(2) Allow the mother to cry as she wishes. Provide privacy for her. Let her
know there is nothing wrong with her behavior. Crying may even be therapeutic.
(3) Convey to the mother that change takes time. This is the single most
important concept to convey to the mother. She may not be able to do everything she
wants as soon as she and her baby go home. It may take weeks or even months
before she is able to make the transition to caring for her baby, her family, her home,
and herself. It is okay not to accomplish everything immediately.
(4) Be understanding. Understanding and anticipatory guidance help the
parents realize these feelings are a normal accompaniment to this role transition.
6-10. MATERNAL ADAPTATION FOLLOWING DELIVERY
a. Positive (Successful) Bonding and Taking-Hold. This reveals a warm
mother-infant relationship beginning. It is identified by maternal-infant behavior to
include mother fondling and caressing the infant, establishing eye contact with her
infant, talking and cooing to her baby, and attempting to evoke a smile or vocal
response from her baby.
b. Negative Bonding. Occasionally, a mother may have difficulty adapting to
her maternal role and bonding with her infant. This may be caused by immaturity, lack
of knowledge about infant care and behavior, and/or deep-rooted psychological
problems. The mother may express inappropriate responses. These responses may
include reluctance to hold, fondle, or interact with her infant, may find the infant
unattractive or ugly, may find her infant has a serious hidden disease or defect, and/or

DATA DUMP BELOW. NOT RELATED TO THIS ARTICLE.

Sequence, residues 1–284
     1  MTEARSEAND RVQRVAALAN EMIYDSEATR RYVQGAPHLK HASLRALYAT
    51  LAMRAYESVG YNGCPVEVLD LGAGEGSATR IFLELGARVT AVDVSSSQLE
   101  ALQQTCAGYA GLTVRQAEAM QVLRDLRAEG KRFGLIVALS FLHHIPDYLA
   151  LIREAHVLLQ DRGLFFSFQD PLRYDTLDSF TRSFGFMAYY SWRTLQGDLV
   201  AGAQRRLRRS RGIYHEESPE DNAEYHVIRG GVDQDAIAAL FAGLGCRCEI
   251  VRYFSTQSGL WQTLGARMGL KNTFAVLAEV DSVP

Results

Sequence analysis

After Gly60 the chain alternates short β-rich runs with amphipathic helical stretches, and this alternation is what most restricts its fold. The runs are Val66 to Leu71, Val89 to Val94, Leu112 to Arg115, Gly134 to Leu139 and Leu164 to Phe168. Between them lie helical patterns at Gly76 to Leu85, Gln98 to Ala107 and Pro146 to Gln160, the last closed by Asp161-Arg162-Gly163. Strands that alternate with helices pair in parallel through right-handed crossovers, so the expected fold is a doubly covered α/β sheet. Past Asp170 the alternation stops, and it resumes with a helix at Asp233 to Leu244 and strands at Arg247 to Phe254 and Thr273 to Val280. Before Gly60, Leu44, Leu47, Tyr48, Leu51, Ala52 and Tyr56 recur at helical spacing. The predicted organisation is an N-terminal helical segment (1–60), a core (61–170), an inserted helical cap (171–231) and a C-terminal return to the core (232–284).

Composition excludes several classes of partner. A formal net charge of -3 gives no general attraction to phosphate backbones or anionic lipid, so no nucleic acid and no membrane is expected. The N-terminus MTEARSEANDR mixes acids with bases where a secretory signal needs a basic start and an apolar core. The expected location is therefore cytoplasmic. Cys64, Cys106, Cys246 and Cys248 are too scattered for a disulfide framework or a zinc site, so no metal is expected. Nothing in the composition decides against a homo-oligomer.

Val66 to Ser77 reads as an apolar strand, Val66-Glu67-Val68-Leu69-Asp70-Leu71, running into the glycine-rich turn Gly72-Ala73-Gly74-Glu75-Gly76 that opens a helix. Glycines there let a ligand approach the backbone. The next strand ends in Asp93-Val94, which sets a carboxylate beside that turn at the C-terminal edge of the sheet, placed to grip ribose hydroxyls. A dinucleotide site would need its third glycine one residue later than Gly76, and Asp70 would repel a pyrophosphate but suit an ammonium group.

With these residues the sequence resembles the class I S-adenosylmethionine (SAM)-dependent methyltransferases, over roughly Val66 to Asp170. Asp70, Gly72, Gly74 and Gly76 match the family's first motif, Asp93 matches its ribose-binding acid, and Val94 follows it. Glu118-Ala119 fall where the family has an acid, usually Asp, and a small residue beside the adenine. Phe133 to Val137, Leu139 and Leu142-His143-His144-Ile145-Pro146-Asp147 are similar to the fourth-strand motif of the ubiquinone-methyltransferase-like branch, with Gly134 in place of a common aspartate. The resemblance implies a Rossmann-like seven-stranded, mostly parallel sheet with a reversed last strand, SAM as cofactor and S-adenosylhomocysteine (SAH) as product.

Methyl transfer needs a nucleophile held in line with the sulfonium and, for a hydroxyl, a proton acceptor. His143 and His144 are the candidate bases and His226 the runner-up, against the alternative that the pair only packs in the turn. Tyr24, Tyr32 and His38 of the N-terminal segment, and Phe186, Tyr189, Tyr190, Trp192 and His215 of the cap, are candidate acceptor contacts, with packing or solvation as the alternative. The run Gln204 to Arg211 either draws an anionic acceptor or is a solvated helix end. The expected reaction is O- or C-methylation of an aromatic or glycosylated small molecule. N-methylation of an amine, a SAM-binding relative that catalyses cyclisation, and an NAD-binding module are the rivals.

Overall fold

may appear disgusted by the infant's drooling, sucking sounds, urine, or feces.
c. Evaluation of Maternal Adaptation. The nursing staff will make frequent
observation of maternal-infant behavior during the hospital stay. All maternal-infant
behavior (positive and negative) should be documented in the mother's chart as well as
the infant's chart. Maternal-infant behavior that appears maladaptive should be viewed
on an individual basis and reported to the professional nursing staff for evaluation by the
health care team.
6-11. SPECIAL NURSING CARE NEEDS OF THE SINGLE MOTHER
a. Pregnancy is usually not planned by the single mother. Many times, the
nursing staff does not know the true cause of the pregnancy. Pregnancy may result
from teenage pregnancy, incest, rape, failure of a birth control method, or pregnancy
conceived prior to a divorce. Lack of planning may impact on the mother's ability to
care for the infant and the other's readiness to want to care for an infant.
b. Considerable time should be spent with the patient. Do not be judgmental.
Offer kindness and understanding, attend to her postpartum needs, and evaluate
maternal-infant adaptation responses.